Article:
Foods You Shouldn’t Feed Your Pets
Can a little reward from the table really hurt your pet? Well, that depends on what it is. As a responsible pet owner, you’ve likely heard how chocolate and canines don’t mix well for your pet – and if you haven’t, well, now you know. But the story doesn’t end there: what about grapes, ice cream, onions and many other foods there are? Well read on as you learn for yourself what you should and shouldn’t feed your pet.
Avocado is primarily a problem for birds, rabbits, donkeys, horses, and ruminants including sheep. It contains a substance called persin which is harmless only for humans who aren’t allergic to the fruit. The biggest concern however is for cardiovascular damage and death in birds, for dogs, the flesh might not exactly be a problem although quantity of consumption matters. However, try not to allow dog feed on the seed or peel.
Nuts, including almonds, Hickory Nuts, pecans, Pistachios and walnuts, contain high amounts of oils and fats. The fats can cause vomiting and diarrhea, and potentially pancreatitis in pets. Much more in Macadamia nuts, as few as six raw or roasted macadamias can make pets ill. Symptoms of poisoning include muscle tremors, weakness, rapid heart rate, vomiting and elevated body temperature. Eating chocolate with the nuts makes symptoms worse, possibly leading to death. That said, only these nuts are allowed for pets: Peanuts, Hazelnuts and Cashew nuts.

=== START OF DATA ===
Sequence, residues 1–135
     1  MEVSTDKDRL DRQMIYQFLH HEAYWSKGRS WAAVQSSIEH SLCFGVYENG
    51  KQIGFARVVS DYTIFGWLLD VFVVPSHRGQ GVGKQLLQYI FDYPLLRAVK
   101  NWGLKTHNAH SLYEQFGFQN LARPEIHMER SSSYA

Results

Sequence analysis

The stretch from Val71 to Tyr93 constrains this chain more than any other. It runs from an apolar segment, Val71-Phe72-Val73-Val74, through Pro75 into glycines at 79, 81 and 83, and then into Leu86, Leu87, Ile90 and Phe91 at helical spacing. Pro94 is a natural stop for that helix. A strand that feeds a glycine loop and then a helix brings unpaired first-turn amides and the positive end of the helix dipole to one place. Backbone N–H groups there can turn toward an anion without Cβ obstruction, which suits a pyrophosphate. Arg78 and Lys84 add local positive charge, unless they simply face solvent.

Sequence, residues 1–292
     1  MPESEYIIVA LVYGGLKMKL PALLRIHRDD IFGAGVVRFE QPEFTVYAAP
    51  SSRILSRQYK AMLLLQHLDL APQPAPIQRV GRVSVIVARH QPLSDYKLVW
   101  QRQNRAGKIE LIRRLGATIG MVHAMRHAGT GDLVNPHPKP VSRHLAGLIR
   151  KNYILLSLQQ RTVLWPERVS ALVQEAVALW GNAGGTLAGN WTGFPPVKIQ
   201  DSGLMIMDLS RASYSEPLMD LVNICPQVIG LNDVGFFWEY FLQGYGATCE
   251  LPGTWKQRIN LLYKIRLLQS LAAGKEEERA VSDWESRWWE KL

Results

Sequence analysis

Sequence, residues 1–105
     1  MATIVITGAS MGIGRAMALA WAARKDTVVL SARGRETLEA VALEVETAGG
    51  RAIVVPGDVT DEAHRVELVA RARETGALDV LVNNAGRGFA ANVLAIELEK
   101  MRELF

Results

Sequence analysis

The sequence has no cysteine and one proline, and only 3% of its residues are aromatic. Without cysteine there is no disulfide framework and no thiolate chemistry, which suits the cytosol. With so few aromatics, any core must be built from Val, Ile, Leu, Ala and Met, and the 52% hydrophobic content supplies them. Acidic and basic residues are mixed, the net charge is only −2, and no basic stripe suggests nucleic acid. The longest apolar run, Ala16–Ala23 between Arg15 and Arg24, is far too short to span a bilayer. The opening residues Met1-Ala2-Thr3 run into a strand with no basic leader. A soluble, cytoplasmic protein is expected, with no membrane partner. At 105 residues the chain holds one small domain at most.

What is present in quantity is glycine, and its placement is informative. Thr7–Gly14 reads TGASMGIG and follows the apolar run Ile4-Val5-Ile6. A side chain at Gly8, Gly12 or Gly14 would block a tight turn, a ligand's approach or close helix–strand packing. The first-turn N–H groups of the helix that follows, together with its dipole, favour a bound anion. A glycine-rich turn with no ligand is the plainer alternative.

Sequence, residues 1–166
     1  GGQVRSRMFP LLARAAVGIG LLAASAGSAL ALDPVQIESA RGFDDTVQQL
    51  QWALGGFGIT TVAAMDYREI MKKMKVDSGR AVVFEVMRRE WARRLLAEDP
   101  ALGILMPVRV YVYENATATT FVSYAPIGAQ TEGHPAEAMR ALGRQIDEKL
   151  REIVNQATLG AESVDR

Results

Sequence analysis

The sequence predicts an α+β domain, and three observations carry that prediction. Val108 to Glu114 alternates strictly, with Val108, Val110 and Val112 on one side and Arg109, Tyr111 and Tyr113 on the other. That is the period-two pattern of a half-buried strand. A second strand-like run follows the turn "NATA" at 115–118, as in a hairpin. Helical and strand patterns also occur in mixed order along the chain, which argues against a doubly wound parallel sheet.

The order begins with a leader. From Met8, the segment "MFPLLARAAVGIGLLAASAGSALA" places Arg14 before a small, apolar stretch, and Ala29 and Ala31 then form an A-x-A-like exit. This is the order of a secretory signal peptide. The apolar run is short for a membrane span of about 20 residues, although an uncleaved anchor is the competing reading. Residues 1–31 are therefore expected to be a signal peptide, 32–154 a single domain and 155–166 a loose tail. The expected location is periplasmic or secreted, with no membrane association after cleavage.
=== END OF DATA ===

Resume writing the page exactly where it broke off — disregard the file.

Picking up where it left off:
3. Milk and Other Dairies
Milk and milk-based products can cause diarrhea and other digestive upset in pets as it is for humans who are lactose intolerant. Because pets do not possess significant amounts of lactase (the enzyme that breaks down lactose in milk), they naturally react in form of diarrhea, uneasiness or other digestive upset. You might need to consult your veterinary doctor for more guidance.
4. Onions and Garlic
Onions and garlic in powder, raw or cooked forms -can destroy a dog’s red blood cells. An occasional small dose is probably OK. But eating a large quantity in foods just once or eating smaller amounts regularly can cause poisoning. Symptoms of anemia include weakness, vomiting, little interest in food, dullness, and breathlessness.
5. Grapes and Raisins
Grapes are a perfect food for cats but a no-go for dogs. Although grapes and raisins have often been used as treats for dogs reasons to that hasn’t been known yet, still it’s not a good idea. Ingestion of grapes or raisins can lead to acute kidney failure, a potentially life threatening condition. The grape toxin works in mysterious ways and some dogs will be severely affected while others will carry on unharmed. If you notice loss of energy, loss of appetite, or vomiting, contact your veterinarian immediately.
Caffeine in large enough quantities can be fatal. While Beer, liquor, wine, and other foods containing alcohol can affect the liver in a bad way. The same effect it has on humans replays itself in pets. Just a little can cause vomiting, diarrhea, central nervous system depression, problems with coordination, difficulty breathing, coma and even death; the smaller the dog, the greater the effect. Caffeine can be found in cocoa, chocolate, colas, beans and stimulant drinks such as Red Bull. It’s also in some cold medicines and pain killers.